OpinionIsrael at War

Sinwar agonistes

Hamas’s leader in Gaza has four options.

Hamas senior leader Yahya Sinwar in a terror tunnel underneath the southern Gaza City of Khan Yunis, Oct. 10, 2023. Credit: IDF.
Hamas senior leader Yahya Sinwar in a terror tunnel underneath the southern Gaza City of Khan Yunis, Oct. 10, 2023. Credit: IDF.
Clifford D. May
Clifford D. May is the founder and president of the Foundation for Defense of Democracies (FDD), as well as a columnist for “The Washington Times.”

Hamas leader Yahya Sinwar, mastermind behind the Oct. 7 invasion of Israel and the worst single-day slaughter of Jews since the Holocaust, is believed to be lurking within the subterranean labyrinth that lies beneath Gaza.

With funds provided by the “international donor community,” Hamas constructed more than 300 miles of tunnels—a network more extensive than the London Underground.

We may assume that Sinwar is somewhere below the southern Gazan cities of Khan Yunis or Rafah, and that he is surrounded by hostages abducted from Israel and barely clinging to life. On the streets above, Gazans serve as his human shields—some voluntarily, some not.

I’d wager that Sinwar is pondering four options. 

Option 1: He can wait, betting that President Biden will pressure the Israelis to accept a “ceasefire,” a deal that would allow him to rise, praise Allah for victory, resume ruling Gaza and prepare for the next round of atrocities.

Sinwar was surely encouraged to learn that Biden last week said that Israel’s “conduct of the response in Gaza has been over the top.”

That charge is entirely unfounded. In truth, despite Hamas’s human shields strategy, the ratio of civilian-to-combatant casualties is unprecedently low for urban warfare, as historian Andrew Roberts last week explained to Britain’s House of Lords, and as John Spencer of the Modern War Institute has attested.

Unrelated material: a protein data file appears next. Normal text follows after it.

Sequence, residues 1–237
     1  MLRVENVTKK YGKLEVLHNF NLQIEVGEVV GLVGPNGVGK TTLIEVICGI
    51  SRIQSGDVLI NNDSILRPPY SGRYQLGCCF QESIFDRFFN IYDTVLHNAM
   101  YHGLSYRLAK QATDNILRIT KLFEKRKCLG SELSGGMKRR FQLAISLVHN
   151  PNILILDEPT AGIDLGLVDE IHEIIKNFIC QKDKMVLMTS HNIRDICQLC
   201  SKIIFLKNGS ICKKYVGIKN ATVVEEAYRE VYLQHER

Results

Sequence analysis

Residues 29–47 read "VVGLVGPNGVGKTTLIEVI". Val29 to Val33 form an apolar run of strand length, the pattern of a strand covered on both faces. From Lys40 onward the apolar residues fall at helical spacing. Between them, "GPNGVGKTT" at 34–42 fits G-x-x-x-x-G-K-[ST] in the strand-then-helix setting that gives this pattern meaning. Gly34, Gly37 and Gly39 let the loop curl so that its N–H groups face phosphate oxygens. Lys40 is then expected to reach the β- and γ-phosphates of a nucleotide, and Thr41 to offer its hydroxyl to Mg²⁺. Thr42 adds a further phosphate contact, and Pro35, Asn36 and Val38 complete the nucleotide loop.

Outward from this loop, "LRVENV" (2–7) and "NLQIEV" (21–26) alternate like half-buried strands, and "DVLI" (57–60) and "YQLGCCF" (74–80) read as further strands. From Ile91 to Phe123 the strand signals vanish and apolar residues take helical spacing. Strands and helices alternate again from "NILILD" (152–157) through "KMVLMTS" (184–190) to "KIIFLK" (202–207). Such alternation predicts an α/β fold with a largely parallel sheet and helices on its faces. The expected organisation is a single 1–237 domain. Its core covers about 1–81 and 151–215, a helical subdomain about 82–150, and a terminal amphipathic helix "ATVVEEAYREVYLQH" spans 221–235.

War is always hell, but Israelis have done more than any other nation ever to spare civilians—despite the fact that they are fighting a genocidal enemy backed by Iran’s rulers. The battle against Hamas is not one the Israelis can afford to lose or even end in stalemate.

Option 2: The Israelis let Sinwar go into exile, say in Algeria, in return for his release of hostages he hasn’t yet murdered. He may be giving serious thought to that way out. 

Option 3: “Martyrdom in the way of Allah.” To jihadis everywhere, Sinwar would be a hero and an inspiration.

I’ll come to the fourth option in a moment.

Though Sinwar has plenty of food and fuel—stolen from the aid that’s been pouring in for Gazan non-combatants—life in the tunnels cannot be pleasant.

But he may derive occasional amusement hearing Western leaders and U.N. apparatchiks solemnly pronounce their support for “territorial compromise,” “land-for-peace negotiations” and a “two-state solution.”

Last week, Secretary of State Antony Blinken went further, calling for “a concrete, time-bound and irreversible path” to a Palestinian state.

Note that Blinken is not saying that the leaders of such a state would forswear terrorism and peacefully coexist alongside the Jewish state. Nor is he guaranteeing that such a state will not become a vassal of Tehran.

All he’s said is that Israelis will have “security assurances.”